By negative design, we mean your type and logo are reversed out of a shape. In the example below you can see our logo and tag line reversed out of a rectangle. The key to this design is the bridged letters and shapes as mentioned above. This sign will be very easy to install as there is one part.

Underline Design

If you’re really wanting a positive design, you can make your life a little easier by connecting shapes and letters using an underline like our second example. The installation is a little more difficult as you will now need to line up two separate pieces.

Positive Design

Sometimes we want what we want. And sometimes what we want is separate letters for our design. In this example you’ll see that we have a LOT of separate parts to line up. If you decide to go this route, we recommend making a paper template to use as a guide.

How our pricing works

Here’s a few pricing guidelines to consider when designing your parts.

Minimum Fee

We have a minimum order fee of $29. This fee helps us cover setup and programming time, material loading, waste material, and shipping. Once the $29 minimum is reached, you only pay for the price of each part. For example, a single $2 part would end up being $29 at checkout. However, if you ordered 20 parts at $2 each, your total would be $40 at checkout (including shipping). We offer significant quantity discounts as well. Pricing is updated live in your shopping cart.

Metal Type and Thickness

We offer a variety of metals in multiple thicknesses. To learn more about what we offer, please see our Metals page. The thicker the metal, the more it will cost.

Commodity metals such as copper and brass will vary based on current market conditions. Titanium is very expensive to produce, which drives up the raw material cost.

Overall part size (up to 47″ x 118″)

The size of your part is calculated by the overall width and height of your part. You’ll see your exact dimensions when you upload. We can cut single parts up to 47″ x 118″. Need something larger? Contact us at for a custom quote.

Design Density

Design density refers to the overall amount of cutting, per square-inch in your design. The more detailed and intricate, the longer it will take for the laser to cut. Increased density will increase part cost.

What to expect

Your parts will be shipped securely to prevent damage during transit. Keep in mind that we allow for some “padding” around the edge of the part to minimize corner damage. If the box appears damaged, please open it to inspect the parts. Sometimes a box may look damaged, but the parts are intact. You do not need to refuse the package with the carrier.

We cut the majority of our metals using high-purity nitrogen to obtain a clean edge on parts (little to no oxidation). However, for steel thicker than .135″, and all thicknesses of copper and brass, we use may use oxygen as an assist gas. This will result in some oxidation on the cut surface. Before you paint, weld, or plate your parts, you will need to remove that oxidation. This can be done easily using a chemical process (muriatic acid), or mechanical methods such as a wire brush or rotary tumbler.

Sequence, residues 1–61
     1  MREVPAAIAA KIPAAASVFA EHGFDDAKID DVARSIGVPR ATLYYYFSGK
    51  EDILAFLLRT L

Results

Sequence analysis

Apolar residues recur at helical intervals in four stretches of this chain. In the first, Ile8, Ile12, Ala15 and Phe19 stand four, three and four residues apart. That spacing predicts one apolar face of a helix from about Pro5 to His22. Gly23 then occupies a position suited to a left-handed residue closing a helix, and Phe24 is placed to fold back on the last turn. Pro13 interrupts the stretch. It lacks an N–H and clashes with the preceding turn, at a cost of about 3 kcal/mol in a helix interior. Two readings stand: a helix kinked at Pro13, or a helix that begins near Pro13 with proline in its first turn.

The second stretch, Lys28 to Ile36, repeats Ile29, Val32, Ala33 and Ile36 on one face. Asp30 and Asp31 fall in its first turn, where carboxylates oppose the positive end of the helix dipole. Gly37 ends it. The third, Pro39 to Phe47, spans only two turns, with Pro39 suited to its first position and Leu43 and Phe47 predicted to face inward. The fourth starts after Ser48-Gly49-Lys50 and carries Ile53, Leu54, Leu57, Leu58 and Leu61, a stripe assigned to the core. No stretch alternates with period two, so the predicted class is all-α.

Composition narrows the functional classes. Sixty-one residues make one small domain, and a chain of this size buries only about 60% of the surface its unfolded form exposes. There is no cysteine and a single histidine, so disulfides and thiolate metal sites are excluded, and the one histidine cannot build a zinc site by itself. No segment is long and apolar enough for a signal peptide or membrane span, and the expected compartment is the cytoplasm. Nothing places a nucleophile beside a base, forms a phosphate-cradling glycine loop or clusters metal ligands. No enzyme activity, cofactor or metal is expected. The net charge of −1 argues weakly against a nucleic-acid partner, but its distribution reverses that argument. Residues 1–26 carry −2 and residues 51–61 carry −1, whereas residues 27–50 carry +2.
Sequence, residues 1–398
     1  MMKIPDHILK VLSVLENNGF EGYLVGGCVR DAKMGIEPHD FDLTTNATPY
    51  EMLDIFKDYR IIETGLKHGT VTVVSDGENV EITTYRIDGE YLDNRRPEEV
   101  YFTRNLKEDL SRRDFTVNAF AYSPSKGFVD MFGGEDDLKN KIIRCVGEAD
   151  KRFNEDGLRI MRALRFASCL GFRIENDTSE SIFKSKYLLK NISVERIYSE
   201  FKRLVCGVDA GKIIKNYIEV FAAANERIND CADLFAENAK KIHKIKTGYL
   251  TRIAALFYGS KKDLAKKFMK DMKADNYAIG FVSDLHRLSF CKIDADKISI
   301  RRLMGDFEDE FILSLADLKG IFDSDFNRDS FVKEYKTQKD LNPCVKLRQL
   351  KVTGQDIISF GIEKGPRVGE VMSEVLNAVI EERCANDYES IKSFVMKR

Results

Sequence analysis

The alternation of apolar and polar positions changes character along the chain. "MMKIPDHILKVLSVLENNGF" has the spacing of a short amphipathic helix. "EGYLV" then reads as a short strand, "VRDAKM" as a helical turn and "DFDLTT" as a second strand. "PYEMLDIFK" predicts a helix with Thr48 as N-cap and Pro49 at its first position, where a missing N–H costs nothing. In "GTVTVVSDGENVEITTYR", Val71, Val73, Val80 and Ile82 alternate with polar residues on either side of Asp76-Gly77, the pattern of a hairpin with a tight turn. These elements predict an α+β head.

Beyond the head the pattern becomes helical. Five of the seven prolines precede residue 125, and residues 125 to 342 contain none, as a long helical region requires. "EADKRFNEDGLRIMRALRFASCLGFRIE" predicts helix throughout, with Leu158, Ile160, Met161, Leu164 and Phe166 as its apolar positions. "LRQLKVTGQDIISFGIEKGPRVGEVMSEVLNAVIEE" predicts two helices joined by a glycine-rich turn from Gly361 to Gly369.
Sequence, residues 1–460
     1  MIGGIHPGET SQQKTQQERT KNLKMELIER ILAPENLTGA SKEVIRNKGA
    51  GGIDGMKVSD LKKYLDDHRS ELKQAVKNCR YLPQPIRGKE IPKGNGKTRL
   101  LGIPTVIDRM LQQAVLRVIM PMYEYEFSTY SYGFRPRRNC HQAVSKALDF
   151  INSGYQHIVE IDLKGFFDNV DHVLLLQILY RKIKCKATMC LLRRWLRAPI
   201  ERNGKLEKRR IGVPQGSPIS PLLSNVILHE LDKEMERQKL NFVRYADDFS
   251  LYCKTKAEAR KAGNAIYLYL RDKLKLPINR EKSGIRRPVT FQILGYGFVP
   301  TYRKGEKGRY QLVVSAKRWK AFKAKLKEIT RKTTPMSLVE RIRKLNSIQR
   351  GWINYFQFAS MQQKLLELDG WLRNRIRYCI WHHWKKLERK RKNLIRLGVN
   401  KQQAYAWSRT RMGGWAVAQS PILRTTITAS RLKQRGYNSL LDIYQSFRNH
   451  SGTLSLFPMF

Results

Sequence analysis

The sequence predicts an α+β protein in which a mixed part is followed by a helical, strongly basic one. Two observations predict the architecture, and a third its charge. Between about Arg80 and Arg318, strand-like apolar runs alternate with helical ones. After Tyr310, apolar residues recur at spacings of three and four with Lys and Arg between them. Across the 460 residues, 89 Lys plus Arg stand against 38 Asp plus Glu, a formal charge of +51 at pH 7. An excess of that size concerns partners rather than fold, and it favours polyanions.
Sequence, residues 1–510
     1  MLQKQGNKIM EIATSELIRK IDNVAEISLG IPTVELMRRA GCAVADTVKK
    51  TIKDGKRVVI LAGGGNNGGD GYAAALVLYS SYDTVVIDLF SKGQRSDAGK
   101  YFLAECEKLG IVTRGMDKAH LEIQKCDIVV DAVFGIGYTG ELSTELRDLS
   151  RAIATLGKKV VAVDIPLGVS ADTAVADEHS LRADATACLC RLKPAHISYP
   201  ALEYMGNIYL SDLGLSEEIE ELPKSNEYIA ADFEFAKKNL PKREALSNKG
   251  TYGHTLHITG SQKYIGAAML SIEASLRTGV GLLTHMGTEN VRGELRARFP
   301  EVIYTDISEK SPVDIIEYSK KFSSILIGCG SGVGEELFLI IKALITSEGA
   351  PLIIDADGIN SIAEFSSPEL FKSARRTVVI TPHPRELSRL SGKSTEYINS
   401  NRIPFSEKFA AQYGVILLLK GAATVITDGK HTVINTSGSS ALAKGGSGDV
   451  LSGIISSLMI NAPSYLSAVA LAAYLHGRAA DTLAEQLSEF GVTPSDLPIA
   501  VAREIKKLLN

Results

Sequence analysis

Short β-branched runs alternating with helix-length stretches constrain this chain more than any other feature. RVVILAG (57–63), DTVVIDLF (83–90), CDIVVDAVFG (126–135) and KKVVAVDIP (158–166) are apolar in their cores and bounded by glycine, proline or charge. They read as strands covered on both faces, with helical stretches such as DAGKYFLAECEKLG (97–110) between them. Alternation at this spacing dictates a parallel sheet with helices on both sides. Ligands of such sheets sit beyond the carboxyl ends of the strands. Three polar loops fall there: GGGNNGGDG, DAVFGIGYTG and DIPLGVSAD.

Laser-cut copper showing heat discoloration

Some laser-cut metals will have a bit of dross (burr) on the underside of your part(s). This is a normal occurrence from the cutting process. Due to manufacturing variables, your parts may also have small cosmetic imperfections/scratches. If you require a cosmetically-perfect finish, additional processing is available for a fee. Contact us at or make a note on your order to discuss options.

Aluminum parts with a small amount of burr from the cutting process

Software Specific Tutorials

If you need software specific help for designing, check out one of the tutorials below. We’ll add more tutorials soon.

Other services and add-ons


We offer etching, however this process is still in beta. Etching is available for runs of 20 or more parts. Contact us at laser-etching pricing and capabilities.

Cosmetic finishing

We offer custom finishing options for an additional fee. Hanging your sign right away? Creating a gift for someone? No problem. Just let us know at checkout and we’ll contact you for details.

Overnight/Rush Processing and Shipping

We’re pretty quick, but if you absolutely need your parts faster, we do offer an Overnight option. To guarantee you receive your parts the next day, your order must be a metal we currently have in stock, and your order must be placed before noon PST. Contact us at for availability

Before you go…

Go over this checklist once last time before sending your first file:

File is a two-dimensional vector format file. If you're designing in Adobe Illustrator, please send us your original .ai file.

File is built at a 1:1 scale, preferably in inch-units

All text has been converted to outlines or paths

Reversed text has bridges or has been stencilized

All stray points, duplicate lines, empty objects and text areas have been removed

No shapes have open contours

All shapes have been united, combined or merged

All objects are on the same layer

All holes and cutouts are at least 1.5x material thickness